Tuesday, January 11, 2011

Bank on Bank Time

It wasn't long ago that in the US there were almost 10,000 banks and 2,000 Savings & Loans. The numbers of both types of institutions are going down.

What might the future look like? The extreme version is Canada. Canada is home to six banks. Six. But the population of Canada is about 34 million. If the population of Canada were equal to the 310 million in the US, then Canada would most likely have about 60 banks.

However, it's umlikely the US will see the waves of consolidation it would take to shrink the number of US banks to 60, or even 100. But even though the numbers of domestic banks and thrifts are shrinking, it's likely the US banking system will continue to suffer from huge redundancies.

More bank mergers expected in 2011

January 10, 2011, 5:00am EST Related:

Banking & Financial Services

An uptick in activity in the mergers and acquisitions in the banking industry during the end of 2010 is kicking off what analysts believe will be an active M&A period for banks in 2011.

December heralded not only high-profile purchases like Toronto-based Toronto-Dominion Bank’s (NYSE: TD) $6.3 billion acquisition of Farmington Hills, Mich.-based Chrysler Financial Corp., but also smaller deals like the $1.5 billion sale of New Orleans, La.-based Whitney Holding Corp. (NASDAQ: WTNY) to Gulfport, Miss.-based Hancock Holding Co. (NASDAQ: HBHC).

As increasingly more financial institutions repay their federal Troubled Asset Relief Program, or TARP, loans and effectively reduce their debt, speculation is rising about which banks will be at the forefront of the industry. A number of Dayton-area banks could be on the buying side of that 2011 mergers and acquisitions tale.

In a December report, Jefferson Harralson, an analyst with New York-based investment bank, Keefe, Bruyette & Woods, predicted increased activity in the 2011 mergers and acquisitions market.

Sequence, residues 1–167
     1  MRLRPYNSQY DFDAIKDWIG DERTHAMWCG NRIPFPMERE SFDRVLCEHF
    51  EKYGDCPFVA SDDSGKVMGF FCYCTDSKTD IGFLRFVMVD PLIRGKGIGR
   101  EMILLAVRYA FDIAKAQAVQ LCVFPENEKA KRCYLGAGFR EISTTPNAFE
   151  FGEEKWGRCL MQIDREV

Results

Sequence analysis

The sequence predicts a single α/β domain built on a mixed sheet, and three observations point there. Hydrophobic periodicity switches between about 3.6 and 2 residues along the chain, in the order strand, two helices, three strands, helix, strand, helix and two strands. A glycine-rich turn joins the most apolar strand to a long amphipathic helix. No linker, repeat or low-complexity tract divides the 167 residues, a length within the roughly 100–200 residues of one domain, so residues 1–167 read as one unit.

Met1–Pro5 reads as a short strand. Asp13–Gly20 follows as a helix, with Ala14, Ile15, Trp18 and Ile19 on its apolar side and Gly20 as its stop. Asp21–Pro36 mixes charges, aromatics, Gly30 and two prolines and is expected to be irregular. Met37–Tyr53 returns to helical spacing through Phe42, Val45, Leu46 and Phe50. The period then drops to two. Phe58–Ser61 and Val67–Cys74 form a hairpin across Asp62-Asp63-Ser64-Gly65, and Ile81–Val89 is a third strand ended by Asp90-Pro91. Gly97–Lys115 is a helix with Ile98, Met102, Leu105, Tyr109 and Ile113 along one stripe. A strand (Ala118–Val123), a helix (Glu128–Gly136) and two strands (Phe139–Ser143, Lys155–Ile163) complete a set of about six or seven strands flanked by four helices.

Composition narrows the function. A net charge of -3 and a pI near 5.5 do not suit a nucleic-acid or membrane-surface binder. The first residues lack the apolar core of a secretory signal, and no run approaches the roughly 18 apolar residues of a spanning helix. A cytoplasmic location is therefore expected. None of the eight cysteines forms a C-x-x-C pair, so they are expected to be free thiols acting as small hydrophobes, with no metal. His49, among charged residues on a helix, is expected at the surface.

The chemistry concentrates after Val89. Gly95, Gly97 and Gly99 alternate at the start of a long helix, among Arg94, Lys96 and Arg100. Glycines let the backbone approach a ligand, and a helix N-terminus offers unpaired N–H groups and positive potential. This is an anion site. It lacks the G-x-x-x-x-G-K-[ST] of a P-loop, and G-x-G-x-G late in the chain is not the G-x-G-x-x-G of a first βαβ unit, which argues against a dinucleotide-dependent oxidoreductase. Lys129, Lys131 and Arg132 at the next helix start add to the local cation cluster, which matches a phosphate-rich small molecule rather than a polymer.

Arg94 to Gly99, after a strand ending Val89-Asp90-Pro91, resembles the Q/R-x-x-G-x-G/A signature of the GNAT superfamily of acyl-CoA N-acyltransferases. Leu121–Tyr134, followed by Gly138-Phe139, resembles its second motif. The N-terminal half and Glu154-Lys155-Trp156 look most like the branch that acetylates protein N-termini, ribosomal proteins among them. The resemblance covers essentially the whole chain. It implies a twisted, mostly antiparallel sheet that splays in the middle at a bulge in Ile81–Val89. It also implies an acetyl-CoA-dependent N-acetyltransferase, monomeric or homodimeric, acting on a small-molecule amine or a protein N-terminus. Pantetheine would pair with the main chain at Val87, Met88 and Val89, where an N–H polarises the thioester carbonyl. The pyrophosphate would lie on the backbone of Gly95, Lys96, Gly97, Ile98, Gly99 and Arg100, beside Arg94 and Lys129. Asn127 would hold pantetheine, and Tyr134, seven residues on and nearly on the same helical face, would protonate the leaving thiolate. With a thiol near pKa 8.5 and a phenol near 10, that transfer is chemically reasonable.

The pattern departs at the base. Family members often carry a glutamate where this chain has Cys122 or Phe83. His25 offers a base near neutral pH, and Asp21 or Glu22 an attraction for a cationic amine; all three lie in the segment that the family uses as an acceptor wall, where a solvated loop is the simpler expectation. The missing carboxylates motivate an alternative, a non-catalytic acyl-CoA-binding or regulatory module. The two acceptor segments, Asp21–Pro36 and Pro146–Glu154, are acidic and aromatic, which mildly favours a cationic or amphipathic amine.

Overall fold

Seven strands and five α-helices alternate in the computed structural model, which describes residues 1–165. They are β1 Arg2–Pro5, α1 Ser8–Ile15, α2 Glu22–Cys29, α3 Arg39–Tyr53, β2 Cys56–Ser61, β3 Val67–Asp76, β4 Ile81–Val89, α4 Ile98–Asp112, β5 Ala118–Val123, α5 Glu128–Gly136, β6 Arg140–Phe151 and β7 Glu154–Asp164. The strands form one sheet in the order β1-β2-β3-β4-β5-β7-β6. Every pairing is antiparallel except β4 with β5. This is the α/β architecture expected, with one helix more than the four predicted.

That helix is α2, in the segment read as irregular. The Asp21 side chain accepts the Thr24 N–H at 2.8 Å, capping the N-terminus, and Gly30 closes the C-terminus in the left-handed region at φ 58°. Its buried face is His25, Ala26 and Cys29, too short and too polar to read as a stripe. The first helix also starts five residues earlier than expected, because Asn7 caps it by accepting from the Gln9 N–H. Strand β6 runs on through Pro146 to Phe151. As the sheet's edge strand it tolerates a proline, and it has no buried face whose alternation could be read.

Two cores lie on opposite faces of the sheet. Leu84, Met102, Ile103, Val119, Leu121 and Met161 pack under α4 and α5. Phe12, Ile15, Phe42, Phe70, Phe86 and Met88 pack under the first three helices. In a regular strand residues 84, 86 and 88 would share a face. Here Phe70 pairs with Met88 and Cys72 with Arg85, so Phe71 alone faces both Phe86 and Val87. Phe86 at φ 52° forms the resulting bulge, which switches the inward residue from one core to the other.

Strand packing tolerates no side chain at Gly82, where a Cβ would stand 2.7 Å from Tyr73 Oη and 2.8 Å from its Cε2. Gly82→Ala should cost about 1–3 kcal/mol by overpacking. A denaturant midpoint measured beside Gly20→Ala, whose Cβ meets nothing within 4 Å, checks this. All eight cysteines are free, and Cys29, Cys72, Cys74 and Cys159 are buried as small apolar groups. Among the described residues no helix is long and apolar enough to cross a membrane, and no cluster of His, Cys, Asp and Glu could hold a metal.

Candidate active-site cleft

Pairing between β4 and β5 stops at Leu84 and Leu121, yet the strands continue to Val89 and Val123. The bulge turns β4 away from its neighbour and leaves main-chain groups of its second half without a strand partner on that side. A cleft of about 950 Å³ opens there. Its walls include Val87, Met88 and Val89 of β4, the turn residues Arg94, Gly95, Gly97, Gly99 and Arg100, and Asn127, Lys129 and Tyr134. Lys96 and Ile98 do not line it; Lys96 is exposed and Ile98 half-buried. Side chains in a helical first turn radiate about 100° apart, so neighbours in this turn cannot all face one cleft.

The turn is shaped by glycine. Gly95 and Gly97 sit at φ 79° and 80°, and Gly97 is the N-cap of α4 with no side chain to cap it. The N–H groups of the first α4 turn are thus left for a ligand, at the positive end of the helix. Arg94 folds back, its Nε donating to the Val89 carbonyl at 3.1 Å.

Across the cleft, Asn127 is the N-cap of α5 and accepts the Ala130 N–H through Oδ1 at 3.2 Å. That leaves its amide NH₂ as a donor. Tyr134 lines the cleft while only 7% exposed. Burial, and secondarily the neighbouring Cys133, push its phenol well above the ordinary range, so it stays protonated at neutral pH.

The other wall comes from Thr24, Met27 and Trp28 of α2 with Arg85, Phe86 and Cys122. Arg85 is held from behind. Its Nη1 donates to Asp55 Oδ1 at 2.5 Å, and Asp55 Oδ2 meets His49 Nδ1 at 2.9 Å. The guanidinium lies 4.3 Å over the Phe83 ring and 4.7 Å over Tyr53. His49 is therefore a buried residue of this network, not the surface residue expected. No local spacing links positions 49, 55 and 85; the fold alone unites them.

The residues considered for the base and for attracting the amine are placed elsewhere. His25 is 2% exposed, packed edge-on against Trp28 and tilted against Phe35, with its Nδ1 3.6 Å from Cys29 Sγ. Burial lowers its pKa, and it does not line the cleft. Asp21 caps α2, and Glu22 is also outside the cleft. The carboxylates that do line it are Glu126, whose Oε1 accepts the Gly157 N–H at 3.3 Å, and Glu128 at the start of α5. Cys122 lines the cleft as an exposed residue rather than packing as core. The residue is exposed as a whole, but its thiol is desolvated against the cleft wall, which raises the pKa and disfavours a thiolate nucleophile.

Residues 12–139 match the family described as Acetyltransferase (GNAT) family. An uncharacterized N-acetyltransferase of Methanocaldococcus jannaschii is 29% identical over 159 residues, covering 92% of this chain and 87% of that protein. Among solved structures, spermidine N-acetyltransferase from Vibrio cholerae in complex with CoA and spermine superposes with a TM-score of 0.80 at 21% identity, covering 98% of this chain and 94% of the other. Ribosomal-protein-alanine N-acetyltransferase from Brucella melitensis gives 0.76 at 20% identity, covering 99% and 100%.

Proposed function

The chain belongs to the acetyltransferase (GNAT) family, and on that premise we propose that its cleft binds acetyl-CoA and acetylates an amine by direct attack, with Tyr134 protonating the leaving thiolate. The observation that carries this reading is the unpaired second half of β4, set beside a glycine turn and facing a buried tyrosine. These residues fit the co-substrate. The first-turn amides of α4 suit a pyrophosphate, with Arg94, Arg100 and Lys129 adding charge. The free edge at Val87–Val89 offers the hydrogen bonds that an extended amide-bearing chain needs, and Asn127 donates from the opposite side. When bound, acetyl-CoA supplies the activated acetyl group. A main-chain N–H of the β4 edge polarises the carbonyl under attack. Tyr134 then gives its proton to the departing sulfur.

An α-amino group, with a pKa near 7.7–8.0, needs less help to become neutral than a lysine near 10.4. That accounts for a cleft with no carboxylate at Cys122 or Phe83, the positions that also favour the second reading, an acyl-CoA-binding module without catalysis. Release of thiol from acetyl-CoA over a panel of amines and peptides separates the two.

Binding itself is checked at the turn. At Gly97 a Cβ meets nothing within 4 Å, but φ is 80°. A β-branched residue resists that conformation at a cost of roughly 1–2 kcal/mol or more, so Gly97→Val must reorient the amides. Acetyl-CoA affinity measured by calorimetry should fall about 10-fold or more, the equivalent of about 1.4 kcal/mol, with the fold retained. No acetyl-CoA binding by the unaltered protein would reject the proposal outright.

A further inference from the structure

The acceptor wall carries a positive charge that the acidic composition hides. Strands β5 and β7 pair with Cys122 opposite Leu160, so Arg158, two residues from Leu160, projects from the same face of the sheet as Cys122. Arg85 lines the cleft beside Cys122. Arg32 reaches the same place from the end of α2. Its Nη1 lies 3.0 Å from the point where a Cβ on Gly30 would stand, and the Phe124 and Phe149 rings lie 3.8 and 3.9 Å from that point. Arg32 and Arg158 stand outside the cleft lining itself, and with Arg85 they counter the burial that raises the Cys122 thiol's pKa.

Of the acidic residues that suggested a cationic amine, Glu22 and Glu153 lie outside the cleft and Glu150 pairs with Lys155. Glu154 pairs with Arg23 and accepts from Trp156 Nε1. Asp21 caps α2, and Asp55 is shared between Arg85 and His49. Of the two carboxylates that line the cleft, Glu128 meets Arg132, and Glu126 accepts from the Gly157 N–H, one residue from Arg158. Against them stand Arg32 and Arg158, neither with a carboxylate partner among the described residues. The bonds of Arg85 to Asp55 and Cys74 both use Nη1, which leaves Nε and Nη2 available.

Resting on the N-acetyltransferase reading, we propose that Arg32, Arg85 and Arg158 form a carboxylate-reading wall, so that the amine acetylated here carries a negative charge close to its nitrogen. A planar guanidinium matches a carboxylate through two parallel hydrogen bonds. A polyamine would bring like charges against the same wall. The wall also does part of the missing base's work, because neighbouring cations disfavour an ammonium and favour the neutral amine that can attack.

“While it is difficult to identify which bank is next, we do believe the case for (mergers and acquisitions) is slowly building. More banks are either reaching a breaking point or are near the end of their cumulative losses, in our view,” Harralson said.

Harralson identified First Financial Bancorp. (NASDAQ: FFBC), Huntington Bancshares Inc. (NASDAQ: HBAN), PNC Financial Services Group (NYSE: PNC) and U.S. Bancorp (NYSE: USB) as potential buyers in 2011. Alternatively, his firm placed KeyCorp (NYSE: KEY) on its potential sellers list.

Potential buyers were identified as those banks with above-average profitability, strong capital and growth opportunities. Potential sellers were characterized as those trading below book value.

Also, Richard Bove of Rochdale Securities listed Fifth Third Bancorp (Nasdaq: FITB) as a potential buyer, according to TheStreet.com.

There were a slew of large bank mergers during the recession as some financial institutions were not able to continue on their own. Among the bigger deals were Bank of America (NYSE: BAC) acquiring Merrill Lynch and Wells Fargo (NYSE: WFC) acquiring Wachovia.

Of the local buyers, most in recent months have received votes of confidence from analysts.

Jefferies & Company,Inc., a New York-based securities and investment banking group, in November listed both Huntington and PNC with “buy” ratings. In October, Oppenheimer & Co., a New York-based investment advisory firm, upgraded U.S. Bank to “outperform” from “perform.” PNC and U.S. Bancorp are two of only three large cap banks on the list.

On the other side, Oppenheimer also downgraded KeyBank from “outperform” to “perform.”

Tom Mangan, senior vice president and portfolio manager for Beavercreek-based James Investment Research Inc., said the financial industry has two main choices. While banks could focus on acquisitions, they also could use their renewed stability to pay dividends to shareholders who have weathered the banks’ financial struggles.

Of the top 10 publicly-traded financial institutions with a local presence, only four (First Financial, Park National Bank (AMEX: PRK), LCNB (OTC: LCNB) and Wesbanco (NASDAQ: WSBC)) had annual dividend yields at least in the single digits.

Some banks, however, are positioned to do both, such as PNC and U.S. Bank, Mangan said.

Any efforts to acquire other banks, however, will be under the scrutiny of the federal government.

“There’s a lot of politics involved in this. They’d have to go on bended knee to the regulators to purchase anybody,” Mangan said.

However, for those able to make acquisitions, Mangan agreed KeyBank would be an attractive purchase, given its large network.

Foreign banks that bypassed the U.S. financial crisis are the most likely financial institutions to be on the acquisition hunt, Mangan said. However, regional banks with operations in the Rust Belt could be active buyers and positioned for growth because the area is making an economic comeback, he said.

Labels: , ,


Post a Comment

<< Home